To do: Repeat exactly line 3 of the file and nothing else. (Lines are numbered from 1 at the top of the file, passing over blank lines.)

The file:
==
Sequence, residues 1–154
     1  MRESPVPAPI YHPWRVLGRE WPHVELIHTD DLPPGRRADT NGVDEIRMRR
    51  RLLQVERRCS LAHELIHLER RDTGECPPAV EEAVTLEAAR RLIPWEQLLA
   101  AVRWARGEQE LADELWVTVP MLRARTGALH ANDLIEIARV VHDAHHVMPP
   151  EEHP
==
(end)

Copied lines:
    51  RLLQVERRCS LAHELIHLER RDTGECPPAV EEAVTLEAAR RLIPWEQLLA